Appeals to Churches For Classroom Space
The Charlottesville Educational Foundation said today it is ready to provide private schooling "without undue delay" for Venable Elementary and Lane High School students if the two schools are closed by state law.
William M. Pope, president of the foundation, said the foundation has 22 separate locations for conducting classes in the Venable School area.
He said "an urgent appeal" has been sent to the governing bodies of all churches in Charlottesville to make classroom space available for Lane students.
Pope's statement was issued after Federal District Judge John Paul's decision yesterday to admit 10 Negro students to Venable School and two to Lane. State law would close either of these schools if Negroes are enrolled.
Pope also said the membership of the foundation now numbers more than 2,000.
"To take care of the large enrollment at Lane," he said, "all available space in our churches, lodges, and theaters will probably be needed."
"In deference to the mixed feelings of the members of our churches, we had refrained from requesting space until last Friday, when an urgent appeal was sent to the governing bodies of all the churches of Charlottesville to make space available.
"With the emergency upon us, we feel certain of getting a favorable and spontaneous response, as all church members become keenly aware of their Christian responsibilities to the displaced children from the schools that are forced to close."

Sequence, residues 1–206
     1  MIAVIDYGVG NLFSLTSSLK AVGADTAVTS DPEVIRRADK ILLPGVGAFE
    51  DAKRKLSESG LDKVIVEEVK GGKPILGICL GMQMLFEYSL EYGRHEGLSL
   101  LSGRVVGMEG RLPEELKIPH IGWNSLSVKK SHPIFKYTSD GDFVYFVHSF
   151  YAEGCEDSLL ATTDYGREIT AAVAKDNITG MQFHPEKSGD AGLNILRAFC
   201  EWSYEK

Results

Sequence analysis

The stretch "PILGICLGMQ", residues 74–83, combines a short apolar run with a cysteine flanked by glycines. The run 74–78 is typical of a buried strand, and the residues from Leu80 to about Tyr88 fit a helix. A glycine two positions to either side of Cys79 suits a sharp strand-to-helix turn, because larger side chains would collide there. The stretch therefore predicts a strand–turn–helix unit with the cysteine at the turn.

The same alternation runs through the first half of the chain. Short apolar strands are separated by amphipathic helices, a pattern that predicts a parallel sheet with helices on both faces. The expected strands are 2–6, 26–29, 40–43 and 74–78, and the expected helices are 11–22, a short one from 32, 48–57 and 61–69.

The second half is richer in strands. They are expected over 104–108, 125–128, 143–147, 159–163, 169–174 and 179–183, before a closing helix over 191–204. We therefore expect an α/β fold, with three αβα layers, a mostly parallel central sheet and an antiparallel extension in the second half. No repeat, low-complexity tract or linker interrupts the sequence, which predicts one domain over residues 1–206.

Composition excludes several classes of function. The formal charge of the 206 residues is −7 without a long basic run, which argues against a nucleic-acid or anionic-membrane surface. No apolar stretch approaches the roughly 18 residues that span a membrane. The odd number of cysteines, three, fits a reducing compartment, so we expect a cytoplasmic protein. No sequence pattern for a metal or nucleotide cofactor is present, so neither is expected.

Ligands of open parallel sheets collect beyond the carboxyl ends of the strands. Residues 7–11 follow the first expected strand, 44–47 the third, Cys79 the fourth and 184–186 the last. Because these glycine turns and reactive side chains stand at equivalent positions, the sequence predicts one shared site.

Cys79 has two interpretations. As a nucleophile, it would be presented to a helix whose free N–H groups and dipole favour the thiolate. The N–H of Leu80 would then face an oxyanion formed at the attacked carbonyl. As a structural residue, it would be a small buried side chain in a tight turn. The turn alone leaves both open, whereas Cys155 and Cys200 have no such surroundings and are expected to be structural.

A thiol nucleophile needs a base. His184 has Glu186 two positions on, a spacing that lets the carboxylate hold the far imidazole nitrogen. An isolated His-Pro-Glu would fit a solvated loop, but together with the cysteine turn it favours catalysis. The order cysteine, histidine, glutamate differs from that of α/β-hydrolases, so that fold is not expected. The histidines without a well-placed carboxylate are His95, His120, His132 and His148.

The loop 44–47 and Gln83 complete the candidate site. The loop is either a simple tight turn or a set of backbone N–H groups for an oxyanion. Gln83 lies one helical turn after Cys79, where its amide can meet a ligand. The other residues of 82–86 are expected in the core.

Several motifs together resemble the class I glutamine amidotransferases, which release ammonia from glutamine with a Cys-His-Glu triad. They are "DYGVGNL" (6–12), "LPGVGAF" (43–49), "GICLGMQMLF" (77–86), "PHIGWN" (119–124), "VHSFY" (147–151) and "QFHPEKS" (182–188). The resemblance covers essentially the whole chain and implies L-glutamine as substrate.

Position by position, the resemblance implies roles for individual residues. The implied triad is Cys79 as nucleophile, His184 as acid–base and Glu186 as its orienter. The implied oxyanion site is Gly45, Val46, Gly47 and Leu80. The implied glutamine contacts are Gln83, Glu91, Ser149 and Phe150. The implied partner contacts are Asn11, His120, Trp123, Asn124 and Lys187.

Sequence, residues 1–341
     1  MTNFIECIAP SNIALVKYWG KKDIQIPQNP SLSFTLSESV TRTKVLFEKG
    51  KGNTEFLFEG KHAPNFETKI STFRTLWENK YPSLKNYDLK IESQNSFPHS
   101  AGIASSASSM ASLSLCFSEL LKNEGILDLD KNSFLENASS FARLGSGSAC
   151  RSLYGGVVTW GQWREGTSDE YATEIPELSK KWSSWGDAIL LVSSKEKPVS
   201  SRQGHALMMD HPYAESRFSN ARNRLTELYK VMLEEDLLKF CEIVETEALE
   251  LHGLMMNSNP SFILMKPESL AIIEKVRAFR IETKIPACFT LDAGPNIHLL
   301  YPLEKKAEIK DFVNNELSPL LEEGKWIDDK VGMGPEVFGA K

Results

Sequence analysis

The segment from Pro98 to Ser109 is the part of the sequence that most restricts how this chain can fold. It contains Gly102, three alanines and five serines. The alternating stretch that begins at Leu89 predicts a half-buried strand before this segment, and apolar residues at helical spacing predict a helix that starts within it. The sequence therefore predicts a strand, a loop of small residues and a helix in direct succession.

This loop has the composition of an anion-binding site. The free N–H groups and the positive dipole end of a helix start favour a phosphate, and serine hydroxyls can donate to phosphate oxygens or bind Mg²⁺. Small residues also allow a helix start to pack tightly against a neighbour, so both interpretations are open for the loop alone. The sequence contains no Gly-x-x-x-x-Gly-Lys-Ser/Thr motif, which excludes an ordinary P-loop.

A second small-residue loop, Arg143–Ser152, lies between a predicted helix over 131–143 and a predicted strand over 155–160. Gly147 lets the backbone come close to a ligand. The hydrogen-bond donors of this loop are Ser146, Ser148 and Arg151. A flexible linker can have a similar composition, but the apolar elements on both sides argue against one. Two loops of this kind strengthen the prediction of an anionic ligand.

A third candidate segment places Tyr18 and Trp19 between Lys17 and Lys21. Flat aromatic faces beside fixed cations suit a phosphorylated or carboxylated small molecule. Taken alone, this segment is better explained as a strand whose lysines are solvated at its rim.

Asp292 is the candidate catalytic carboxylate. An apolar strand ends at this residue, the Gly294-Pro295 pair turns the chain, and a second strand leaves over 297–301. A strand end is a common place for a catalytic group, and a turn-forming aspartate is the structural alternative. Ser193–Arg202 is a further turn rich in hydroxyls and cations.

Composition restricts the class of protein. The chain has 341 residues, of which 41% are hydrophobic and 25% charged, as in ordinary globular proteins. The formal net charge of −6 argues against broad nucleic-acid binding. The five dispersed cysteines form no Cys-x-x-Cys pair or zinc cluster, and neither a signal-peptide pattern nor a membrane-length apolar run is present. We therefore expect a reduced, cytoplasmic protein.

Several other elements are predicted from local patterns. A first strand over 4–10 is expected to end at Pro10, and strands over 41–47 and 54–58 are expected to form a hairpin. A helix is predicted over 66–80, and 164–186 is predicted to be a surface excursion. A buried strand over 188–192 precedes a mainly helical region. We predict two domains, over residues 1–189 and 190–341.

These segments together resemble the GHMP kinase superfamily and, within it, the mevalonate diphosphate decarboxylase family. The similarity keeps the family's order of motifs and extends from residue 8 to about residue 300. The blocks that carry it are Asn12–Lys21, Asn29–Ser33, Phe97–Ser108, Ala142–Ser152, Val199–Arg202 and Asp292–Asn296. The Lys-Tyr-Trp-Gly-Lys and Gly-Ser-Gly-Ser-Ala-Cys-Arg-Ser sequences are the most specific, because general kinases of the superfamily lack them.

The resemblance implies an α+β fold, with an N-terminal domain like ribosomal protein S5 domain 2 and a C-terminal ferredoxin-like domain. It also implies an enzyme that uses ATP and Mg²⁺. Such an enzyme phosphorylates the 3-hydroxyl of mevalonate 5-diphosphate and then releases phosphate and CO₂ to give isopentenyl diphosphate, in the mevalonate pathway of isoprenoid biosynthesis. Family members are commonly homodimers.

Pope said preliminary surveys indicate that, "given the classroom facilities needed," classes for Lane students can be started within about a week after it becomes clear that the school will not open.
But he said,"Speedy action in making these facilities available by our great Christian organizations is imperative to carry on our program effectively." He urged that church bodies hold emergency meetings to consider the request.
Pope said that as soon as public school teachers are released from their present contracts all who desire employment by the foundation will be given positions and salaries comparable to their status in the public school system.
All employees would be eligible to participate in state pension and retirement benefits without interruption, he said, and they would be free to return to the public school system when their schools reopen.
The foundation has stated that its members will be given a free choice whether to keep their children in private segregated schools or return them to public schools if the public schools should be reopened on a non-segregated basis.
The foundation was incorporated in July as a non-profit organization to provide private schooling.